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Textbook Notes
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Canada
(162,369)

Sociology
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SOC222H5
(25)

Weiguo Zhang
(3)

Chapter 2

by
OneClass4709

Department

Sociology

Course Code

SOC222H5

Professor

Weiguo Zhang

Description

Chapter 2: Basic Descriptive Statistics
2.1 Percentages and Proportions
Percentages and proportions supply frame of reference for reporting research results in the
sense that they standardize the raw data: percentages to the base 100 and proportions’ to the
base 1.00
Percentages and proportions are easier to read and comprehend than frequencies
o Particularly obvious when attempting to compare groups of different sizes
Computing percentages eliminates the difference in size of the two groups by standardizing
both distributions to the base of 100
Guidelines on use of percentages and proportions:
1. When working with a small number of cases (i.e. less than 20), it is preferable to report the
actual frequencies rather than percentages or proportions
Percentages can change drastically with relatively minor changes in data
2. Always report number of observations along with proportions and percentages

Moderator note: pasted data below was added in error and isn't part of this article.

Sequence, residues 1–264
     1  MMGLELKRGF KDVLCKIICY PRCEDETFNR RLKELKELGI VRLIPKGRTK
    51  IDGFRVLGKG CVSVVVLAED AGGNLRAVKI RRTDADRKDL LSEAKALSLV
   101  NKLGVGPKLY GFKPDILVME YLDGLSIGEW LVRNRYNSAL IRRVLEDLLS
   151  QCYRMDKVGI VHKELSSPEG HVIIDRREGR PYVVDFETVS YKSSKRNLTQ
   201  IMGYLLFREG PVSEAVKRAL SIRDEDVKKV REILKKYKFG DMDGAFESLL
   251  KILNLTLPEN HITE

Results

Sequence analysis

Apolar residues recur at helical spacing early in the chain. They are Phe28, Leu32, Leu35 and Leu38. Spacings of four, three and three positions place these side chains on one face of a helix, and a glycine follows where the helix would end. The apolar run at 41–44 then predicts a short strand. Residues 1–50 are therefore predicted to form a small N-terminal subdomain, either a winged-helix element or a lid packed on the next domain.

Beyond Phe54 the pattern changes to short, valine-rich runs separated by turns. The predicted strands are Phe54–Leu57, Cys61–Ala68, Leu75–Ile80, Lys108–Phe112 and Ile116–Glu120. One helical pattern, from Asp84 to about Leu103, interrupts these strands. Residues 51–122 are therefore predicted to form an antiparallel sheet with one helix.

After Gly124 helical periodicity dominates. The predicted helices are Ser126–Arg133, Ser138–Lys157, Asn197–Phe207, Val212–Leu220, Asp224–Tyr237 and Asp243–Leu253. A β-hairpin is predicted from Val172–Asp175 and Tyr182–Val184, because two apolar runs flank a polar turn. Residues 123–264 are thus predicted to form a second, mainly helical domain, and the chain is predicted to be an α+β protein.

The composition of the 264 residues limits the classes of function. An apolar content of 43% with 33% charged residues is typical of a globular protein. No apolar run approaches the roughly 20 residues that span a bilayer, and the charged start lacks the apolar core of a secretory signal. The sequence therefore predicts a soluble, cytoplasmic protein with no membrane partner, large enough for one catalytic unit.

Permits reader to judge adequacy of the sample size
3. Percentages and proportions can be calculated for variables at ordinal and nominal levels of
measurement, even though they require division
Percentages and proportions don’t require division of scores of variable (as would be
the case in computing average score on a test for example) but rather the number of
cases in particular category (f) of the variable by the total number of cases in the sample
(n)
2.2 Ratios and Rates
Provide some additional ways of summarizing results simply and clearly
Ratios specially useful for comparing categories of a variable in terms of relative frequency
o Determine ratios by dividing frequency of one category by frequency in another
o Express relative size of categories: they tell us exactly how much one category
outnumbers the other
o Often multiplied by some power of 10 to eliminate decimal points
Rates are another way of summarizing distribution of a single variable
o Defined as number of actual occurrences of some phenomenon divided by number of
possible occurrences per some unit of time
o Usually multiplied by some power of 10 to eliminate decimal points
o Often multiplied by 100,00 when number of actual occurrences of some phenomenon is
extremely small relative to size of population (i.e. homicides in Canada)
2.3 Frequency Distributions Introduction
Frequency distribution is a table that summarizes distribution of a variable by reporting number
of cases contained in each category of the variable
very helpful and commonly used way of organizing and working with data
construction of a frequency table is almost always the first step in any statistical analysis
one general rule that applies to all frequency distributions is that the categories of frequency